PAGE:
This put Australian public service employees on an equal footing in terms of opportunities for promotion. Notions of permanence and seniority no longer have the same resonance they still have here, ensuring healthy competition between employees for the best available positions. This gives rise, among other things, to greater intergenerational fairness and provides for permanent renewal of human resources. An especially noteworthy fact is that the qualification level of new Australian public service employees is greater than before the reforms,(4) showing that flexibility allows for more highly qualified candidates to be attracted and retained.

Contrary to what the unions feared, the effect on these reforms on the size of the Australian public service was not catastrophic. Staff numbers fell sharply in the early 1990s but then levelled off in 1999, the year the Public Service Act abolishing job security in the public service was adopted. As already mentioned, this sharp drop was due mostly to privatizations.

From its low point in 1999, the size of the public service began climbing again, reaching the previous peak of the early 1990s. The abolition of job security in the Australian public service had no impact on the size of the government. However, the public administration is better served by more highly qualified professionals and by greater dynamism in human resources management, better adapted to today’s realities.

It is also worth noting that, despite a greater number of civil servants, total government spending has remained quite stable as a proportion of GDP. The effects of better management can be seen in a more productive administration. Thus, if the Quebec government were to adopt the Australian model, taxpayers would get a greater bang for each buck collected in taxes or fees than they do now.

The twin factors of permanence (which in the Quebec context means bullet-proof job security) and the golden rule of seniority are often justified by the aim of preventing political interference in human resources management in the public administration. These protective measures were probably justified at the time they were instituted. Since then, strict labour laws have been adopted to reduce arbitrary actions in human resources management. Moreover, the flow of information is far greater than in earlier times, with a proliferation of media and means of communication enabling cases of politically motivated abuse to be denounced.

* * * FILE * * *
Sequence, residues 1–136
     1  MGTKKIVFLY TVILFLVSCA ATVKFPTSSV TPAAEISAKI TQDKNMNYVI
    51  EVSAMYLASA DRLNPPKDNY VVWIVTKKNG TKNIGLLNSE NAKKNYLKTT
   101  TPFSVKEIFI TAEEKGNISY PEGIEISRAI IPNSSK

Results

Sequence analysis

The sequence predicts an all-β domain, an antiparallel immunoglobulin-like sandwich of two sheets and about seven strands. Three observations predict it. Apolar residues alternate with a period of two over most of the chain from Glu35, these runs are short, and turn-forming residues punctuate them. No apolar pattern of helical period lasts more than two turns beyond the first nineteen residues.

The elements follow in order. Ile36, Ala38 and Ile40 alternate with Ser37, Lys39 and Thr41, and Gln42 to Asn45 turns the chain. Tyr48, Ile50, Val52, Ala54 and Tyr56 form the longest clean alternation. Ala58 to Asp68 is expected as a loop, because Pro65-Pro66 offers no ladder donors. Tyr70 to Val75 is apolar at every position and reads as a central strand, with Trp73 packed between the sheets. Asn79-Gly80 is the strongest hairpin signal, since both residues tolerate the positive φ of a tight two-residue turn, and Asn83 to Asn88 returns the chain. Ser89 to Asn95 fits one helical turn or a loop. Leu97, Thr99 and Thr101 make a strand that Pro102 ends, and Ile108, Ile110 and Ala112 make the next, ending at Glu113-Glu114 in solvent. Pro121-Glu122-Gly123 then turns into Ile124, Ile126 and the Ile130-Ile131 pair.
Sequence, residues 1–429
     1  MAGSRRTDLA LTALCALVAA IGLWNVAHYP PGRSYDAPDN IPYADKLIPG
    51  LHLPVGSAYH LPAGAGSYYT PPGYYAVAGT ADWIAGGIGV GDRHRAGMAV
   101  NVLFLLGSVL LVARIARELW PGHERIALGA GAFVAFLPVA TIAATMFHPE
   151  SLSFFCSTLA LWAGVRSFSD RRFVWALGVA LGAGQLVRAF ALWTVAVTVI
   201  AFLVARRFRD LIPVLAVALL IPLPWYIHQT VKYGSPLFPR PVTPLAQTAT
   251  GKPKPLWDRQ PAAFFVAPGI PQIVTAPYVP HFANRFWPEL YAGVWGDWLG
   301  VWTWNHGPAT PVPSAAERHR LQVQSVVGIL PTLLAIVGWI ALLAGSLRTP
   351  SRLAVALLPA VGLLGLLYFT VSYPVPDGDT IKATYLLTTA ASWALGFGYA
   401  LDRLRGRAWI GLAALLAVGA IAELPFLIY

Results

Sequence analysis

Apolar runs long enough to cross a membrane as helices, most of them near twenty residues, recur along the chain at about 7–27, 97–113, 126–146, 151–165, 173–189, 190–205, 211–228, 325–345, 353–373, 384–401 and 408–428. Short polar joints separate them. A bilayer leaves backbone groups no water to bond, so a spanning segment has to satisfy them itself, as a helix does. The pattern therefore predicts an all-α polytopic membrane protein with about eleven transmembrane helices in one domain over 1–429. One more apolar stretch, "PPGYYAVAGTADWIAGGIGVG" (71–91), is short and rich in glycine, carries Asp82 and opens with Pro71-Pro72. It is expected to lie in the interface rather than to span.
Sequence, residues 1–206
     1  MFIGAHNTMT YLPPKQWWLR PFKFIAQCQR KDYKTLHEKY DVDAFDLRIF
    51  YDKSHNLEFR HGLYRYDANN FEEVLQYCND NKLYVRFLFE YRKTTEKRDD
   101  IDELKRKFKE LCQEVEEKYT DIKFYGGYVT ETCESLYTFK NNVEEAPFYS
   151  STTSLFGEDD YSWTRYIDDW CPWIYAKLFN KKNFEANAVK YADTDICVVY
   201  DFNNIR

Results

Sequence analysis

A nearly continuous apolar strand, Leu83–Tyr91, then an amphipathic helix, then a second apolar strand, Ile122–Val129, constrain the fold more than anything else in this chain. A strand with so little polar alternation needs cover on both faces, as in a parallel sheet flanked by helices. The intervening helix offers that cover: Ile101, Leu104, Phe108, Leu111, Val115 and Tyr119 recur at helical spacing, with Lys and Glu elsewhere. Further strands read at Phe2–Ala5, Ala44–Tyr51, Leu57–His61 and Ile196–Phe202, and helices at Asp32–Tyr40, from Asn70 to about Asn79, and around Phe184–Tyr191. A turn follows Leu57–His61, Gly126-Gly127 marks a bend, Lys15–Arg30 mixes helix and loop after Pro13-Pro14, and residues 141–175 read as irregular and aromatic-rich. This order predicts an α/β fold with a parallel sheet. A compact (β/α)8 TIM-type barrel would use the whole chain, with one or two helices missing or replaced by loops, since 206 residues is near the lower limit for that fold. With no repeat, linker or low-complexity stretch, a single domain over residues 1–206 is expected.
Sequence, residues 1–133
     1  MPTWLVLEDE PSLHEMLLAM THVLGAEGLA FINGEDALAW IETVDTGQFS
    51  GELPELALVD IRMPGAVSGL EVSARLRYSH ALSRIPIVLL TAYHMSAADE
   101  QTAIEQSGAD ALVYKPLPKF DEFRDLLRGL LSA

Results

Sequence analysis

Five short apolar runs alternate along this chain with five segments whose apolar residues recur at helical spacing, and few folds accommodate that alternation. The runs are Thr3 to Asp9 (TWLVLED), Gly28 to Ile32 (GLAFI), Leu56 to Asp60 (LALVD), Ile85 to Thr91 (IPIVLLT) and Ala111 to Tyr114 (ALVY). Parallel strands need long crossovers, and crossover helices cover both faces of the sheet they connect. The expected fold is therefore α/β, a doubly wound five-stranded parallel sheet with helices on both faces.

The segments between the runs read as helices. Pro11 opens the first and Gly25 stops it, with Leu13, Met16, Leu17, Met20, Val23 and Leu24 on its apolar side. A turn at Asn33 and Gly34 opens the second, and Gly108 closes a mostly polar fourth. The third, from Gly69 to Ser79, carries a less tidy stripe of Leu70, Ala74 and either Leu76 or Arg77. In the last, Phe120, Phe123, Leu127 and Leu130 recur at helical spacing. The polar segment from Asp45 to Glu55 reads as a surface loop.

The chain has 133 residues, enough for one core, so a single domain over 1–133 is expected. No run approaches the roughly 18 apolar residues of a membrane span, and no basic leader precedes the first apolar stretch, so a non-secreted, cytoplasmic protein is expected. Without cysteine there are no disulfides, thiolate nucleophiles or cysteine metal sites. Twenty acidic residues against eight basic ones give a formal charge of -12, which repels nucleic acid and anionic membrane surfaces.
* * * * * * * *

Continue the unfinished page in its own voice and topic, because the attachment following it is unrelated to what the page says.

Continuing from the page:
CONCLUSION

Performance incentives and flexibility must play a greater role in human resources management in the Quebec public sector. This issue must be placed at the centre of negotiations over working conditions for government employees.

The discussion in this area must include a challenge to the notion of job security as it it currently understood and to the seniority rule as the criteria for mobility and promotion in the public service. For example, job security could be limited in time by awarding guaranteed five-year work contracts, renewable if needed.

Finally, future pay rises for government employees should be conditional on higher productivity and on a global reduction in government operating costs.

Notes

1. Including New Zealand, the United Kingdom and Finland. These examples are noteworthy both in terms of legislative reforms and of efforts to institute clear goals and instruments for measuring productivity in their civil services. See Richard Boyle, Measuring Public Sector Productivity: Lessons from International Experience, Institute of Public Administration, 2006, and Observatoire de l’administration publique (ENAP), La gestion des ressources humaines dans la fonction publique au sein de quelques administrations de l’OCDE, presented to the Quebec treasury board secretariat, March 2004.
2. This measure has been part of the Human Resources Management Plan since 2004. It aims for a 20% staff reduction from 2004 to 2014.
3. United Nations Public Administration Network, Privatisation in Australia, http://unpan1.un.org/intradoc/groups/public/documents/apcity/unpan005244.pdf.
4. Australian Public Service Commission, APS Statistical Bulletin 2008-09, 2009.